This rifle was identified by Granville Stuart's friend Edgar S. Paxson, the famous western artist based in Montana, as Stuart's favorite rifle. That is certainly an impressive statement given "Mr. Montana's" love of fine arms and target shooting. In fact, he acquired several of the fine antique arms in this auction in the mid-1870s, and each is an incredible artifact of the West and lasting testament to his incredible life on the frontier. Some of these firearms tie directly to his activities as the leader of "Stuart's Stranglers," but this rifle has more genteel connections to his status as a local civic leader and businessman. The rifle remains in exceptional condition, especially considering this gun was sent to the frontier and is known to have seen actual period use by Stuart who won this rifle at a shooting match at the Montana Territorial Fair in the summer of 1875. At that match, he almost certainly shot the rifle in lot 50 based on included documentation written by Stuart about the match and discussed below. The match and rifle are also covered on pages 152-153 of "As Big as the West: The Pioneer Life of Granville Stuart" by Clyde A. Milner II and Carol A. O'Connor which note that Stuart personally wrote up the match for Forest and Stream magazine, the National Rifle Association, and Sharps Rifle Co. By that time, Granville Stuart was already well-known in the region having been one of the key pioneers and early gold miners in Montana in the 1860s along with his older brother James who had died the previous year. In addition to his pioneer activities, by the mid-1870s, Stuart had also held several important local offices and was also tied to multiple towns and businesses. The factory letter lists this rifle as one of three shipped to "H. T. Hansen" on Sept. 8, 1875. This is either a misreading of the ledgers or recording error on Sharps' part. These three rifles were ordered by Montana pioneer, businessman, and later territorial governor: Samuel Thomas Hauser. Copies of correspondence with Sharps concerning the rifles from both Hauser and Stuart is included. Hauser was a personal friend of Granville Stuart and his business partner in multiple businesses including the famous DHS ranch (the "H"). The letter lists the rifles as "1874 Creedmoor Rifles #1 complete with target tang sights and spirit level front sights." The letter also notes that another one of these three rifles was damaged in a fire but had belonged to the territorial governor. Hauser became the territorial governor in 1885. An included original September 3, 1875, Western Union telegram from "S. L. Hauser Prest-First Natl Bank [sic]" states "Express immdy three Sharps Creedmoor rifle no one double set trigger globe & peep sights and spirit-level one is for prize offered by territorial fair other two go in match. . .ship in five days or not at all..." Note that the order above shipped five days later. A copy of a letter from sharps dated Sept. 6, 1875, to "S. T. Hauser" of Helena states "Message received. Will ship the rifles on Thursday next." Stuart and other residents of Deer Lodge, including his brother Thomas, shot in matches against Hauser and other residents of Helena to decide who were the champions of the territory. The matches are covered both in included newspaper copies and in correspondence from Stuart. The local papers on October 2, 1875, listed Granville Stuart's score at 1,000 yards as 24 which was bested only by his brother Thomas' score of 28 while the highest score on the opposing team was 22. It also noted, "The shooting match at 500 yards will take place to-day for the Creedmore [sic] rifle between the Deer Lodge and Helena teams." Hauser shot with the Helena team at 500 yards, but they lost that match and this rifle to Stuart. In an included original letter to Sharps (appears to be Stuart's personal duplicate of the letter), he notes that the Deer Lodge team were using regular Sharps rifles whereas the Helena team had Creedmoor No. 1s, but the Deer Lodge team still won thanks to their superior marksmanship with a score of 209 out of 240 to the Helena team's 196. The prize was "a Creedmoor No. 1 rifle offered as a prize by the Terr. Fair Association. . .I am pleased with the appearance of your No. 1 Creedmoor rifle, but have not fired it yet. The 12 pounders I got last winter are good enough for common people as we proved by beating this Helena team notwithstanding their using the No. 1 style. Respectively Yours, Granville Stuart." The Montana Territorial Fair was held in Helena. Based on his description of the rifle he used and when he ordered it, it is clearly the Sharps Model 1874, serial number C,53112 in lot 50 given he received that rifle the previous winter, it is outfitted with target sights, and weighs 12 pounds. Stuart also wrote to Sharps about target sights, ammunition, and other rifles sent to the territory and was very particular. This Creedmoor rifle is documented in included documentation from Edgar S. Paxson, his daughter-in-law Evelyn M. Paxson, and his grandson William Edgar Paxson which indicates this rifle was given to western artist Edgar Samuel Paxson (1852-1919) in 1919 by Stuart's second wife after his death in 1918. Unfortunately, Paxson passed away only a few months later, but the rifle was passed down to his son Robert Paxson until his death in 1956 and then to William Edgar Paxson, his grandson. Edgar Paxson lived in Deer Lodge which was founded by Stuart and was his personal friend. He was also a mutual friend of artist Charles M. Russell. He is known for his impressive western themed paintings including of Custer's Last Stand and Lewis and Clark. This rifle was listed as catalog item 470A along with the Sharps Model 1853 in lot 47 with the title "THE PERSONAL RIFLES OF ONE OF THE WEST'S MOST FAMOUS PIONEERS, CATTLEMEN & VIGILANTES." in Norm Flayderman's catalog no. 75 (included) from 1966 and specifically called out as "Exc-mint condition Sharps 'New Model 1874' LONG RANGE CREEDMOOR RIFLE." Among the features Flayderman listed, he noted the original long range Vernier peep sight is very rare and the original double set triggers. The Paxson family documents list it as "#54980" (the visible number on the peep sight). William E. Paxson stated that it "always had affixed a tag of identification in the handwriting of my grandfather. On one side it read: 'Presented to E.S. Paxson by Mrs. G. Stuart 1919.' On the reverse side, also, in my grandfather's handwriting the following was written: 'Granville Starts favorite rifle. I shot this at target with him in Helena Oct. 1878.'" The tag remains with the rifle's documents, and Flayderman also confirms that tag. Edgar Paxson notes that this rifle and the Model 1853 also given to his grandfather remained in the family from 1919 to 1964. He also provided quotes from his grandfather's diary related to his friendship with Stuart and receiving this rifle along with a copy of the page from August 19, 1919 when his grandfather wrote about receiving the rifle along with the Model 1853 and other guns that previously belonged to Granville Stuart. This incredible rifle features a windgauge globe front sight with a spirit level, an interesting notch and ladder rear sight graduated out to 1,000 yards on the ladder (not standard on a No. 1, but Stuart was very particular about sights and wrote to Sharps about them), long range Vernier peep sight, double set triggers (also not standard but clearly mentioned in the documentation), "SHARPS RIFLE CO HARTFORD CONN" and "CALIBRE 44" marked on top of the barrel, "SHARPS RIFLE CO/PAT APR 6 1869" on the left side of the frame, "328" on the bottom of the action to the left of the trigger plate, a checkered forearm with Schnabel style tip, and a checkered pistol grip stock with a checkered steel buttplate. The rifle has the following all matching serial numbers: "154980" on the bottom of the barrel and inside of the forearm, "54980" on the left side of the frame, and "15980" on the upper tang (peep post blocking the "4"). Sharps only manufactured these rifles in Hartford between March 1874 and December 1875, and only 151 were produced. They were specifically designed for National Rifle Association long range competitions at the Creedmoor Range on Long Island, New York. The NRA rules for the Creedmoor matches required the rifles to weigh no more than ten pounds and have a single trigger, so the double set triggers on this rifle would make this rifle particularly rare, but they aren't particularly surprising on a rifle sent to Montana given the popularity of double set triggers on frontier rifles back to the original American long rifles. Stuart clearly had a preference for peep sights and double set triggers given they are features on all of his other Sharps rifles from the John Fox collection, and he wrote to Sharps to learn more about them.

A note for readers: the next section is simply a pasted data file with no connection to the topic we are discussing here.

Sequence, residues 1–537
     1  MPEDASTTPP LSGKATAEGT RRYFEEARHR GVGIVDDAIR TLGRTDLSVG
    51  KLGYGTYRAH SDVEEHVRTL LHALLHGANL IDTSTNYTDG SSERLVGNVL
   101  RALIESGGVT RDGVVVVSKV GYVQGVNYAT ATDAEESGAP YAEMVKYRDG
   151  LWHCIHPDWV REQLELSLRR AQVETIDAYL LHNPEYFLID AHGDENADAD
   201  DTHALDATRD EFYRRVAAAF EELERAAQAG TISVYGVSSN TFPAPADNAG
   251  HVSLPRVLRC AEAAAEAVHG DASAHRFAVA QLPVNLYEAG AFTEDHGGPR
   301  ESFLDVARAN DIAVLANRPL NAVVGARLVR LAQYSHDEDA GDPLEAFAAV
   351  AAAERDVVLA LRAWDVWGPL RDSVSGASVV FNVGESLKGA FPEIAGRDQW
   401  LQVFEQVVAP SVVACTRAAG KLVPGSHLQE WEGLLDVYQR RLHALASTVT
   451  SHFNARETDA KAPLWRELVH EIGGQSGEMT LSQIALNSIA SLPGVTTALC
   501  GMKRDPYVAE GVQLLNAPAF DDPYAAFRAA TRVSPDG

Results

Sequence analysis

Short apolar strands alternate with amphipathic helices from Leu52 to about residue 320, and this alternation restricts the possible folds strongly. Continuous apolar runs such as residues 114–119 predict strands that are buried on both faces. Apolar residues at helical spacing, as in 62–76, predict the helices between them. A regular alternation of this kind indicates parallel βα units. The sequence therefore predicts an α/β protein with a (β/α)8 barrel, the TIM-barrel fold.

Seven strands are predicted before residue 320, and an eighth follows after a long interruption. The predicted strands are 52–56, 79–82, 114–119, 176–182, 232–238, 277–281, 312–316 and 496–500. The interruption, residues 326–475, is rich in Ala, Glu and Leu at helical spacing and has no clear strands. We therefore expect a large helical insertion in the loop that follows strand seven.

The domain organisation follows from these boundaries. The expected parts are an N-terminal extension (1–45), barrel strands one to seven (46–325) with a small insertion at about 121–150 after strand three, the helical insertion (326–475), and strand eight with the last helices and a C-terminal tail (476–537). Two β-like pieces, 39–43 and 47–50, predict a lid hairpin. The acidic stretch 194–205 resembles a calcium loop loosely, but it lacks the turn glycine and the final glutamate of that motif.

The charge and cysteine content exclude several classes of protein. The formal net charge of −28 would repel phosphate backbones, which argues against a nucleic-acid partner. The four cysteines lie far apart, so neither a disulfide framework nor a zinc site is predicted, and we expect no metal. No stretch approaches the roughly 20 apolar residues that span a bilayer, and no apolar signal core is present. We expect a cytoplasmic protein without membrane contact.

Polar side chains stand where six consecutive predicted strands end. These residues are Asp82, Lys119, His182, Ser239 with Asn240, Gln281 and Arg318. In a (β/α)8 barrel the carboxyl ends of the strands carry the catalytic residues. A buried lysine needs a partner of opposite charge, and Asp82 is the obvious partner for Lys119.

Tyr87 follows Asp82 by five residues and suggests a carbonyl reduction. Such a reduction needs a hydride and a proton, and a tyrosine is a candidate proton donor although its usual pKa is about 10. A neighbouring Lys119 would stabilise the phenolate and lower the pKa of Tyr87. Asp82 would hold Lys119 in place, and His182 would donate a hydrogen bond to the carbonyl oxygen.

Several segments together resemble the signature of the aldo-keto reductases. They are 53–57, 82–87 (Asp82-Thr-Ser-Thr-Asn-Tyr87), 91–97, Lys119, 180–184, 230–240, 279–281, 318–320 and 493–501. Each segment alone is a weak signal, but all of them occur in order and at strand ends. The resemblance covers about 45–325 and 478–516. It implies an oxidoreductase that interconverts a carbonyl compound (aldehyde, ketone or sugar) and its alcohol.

Exceptionally fine with 90% plus original blue finish, 75% plus original case colors, fading mainly the edges and grasping areas, some very minor scratches and storage wear, and proper replacement parts on the front sight. The professionally refinished wood is very good and has crisp checkering, barely detectible filled holes on the heel where the peep sight had been fitted at times for back position shooting, two-piece pistol grip, a few minor nicks at the edges, attractive natural grain, and generally minor overall wear. Mechanically excellent. This is an outstanding piece of western history. Though we often associate the famous professional rifle matches with the more urban East thanks to the Creedmoor matches, the men of the West, including Granville Stuart, were some of the best marksman the world has ever seen. They had to be given their lives sometimes depended on their ability to shoot. This is an incredibly rare opportunity to get your hands on a genuine western shipped, special order Sharps Creedmoor No.1 rifle owned by "Mr. Montana" himself in a historic rifle match against a team led by his business partner. Provenance: The John Fox Collection.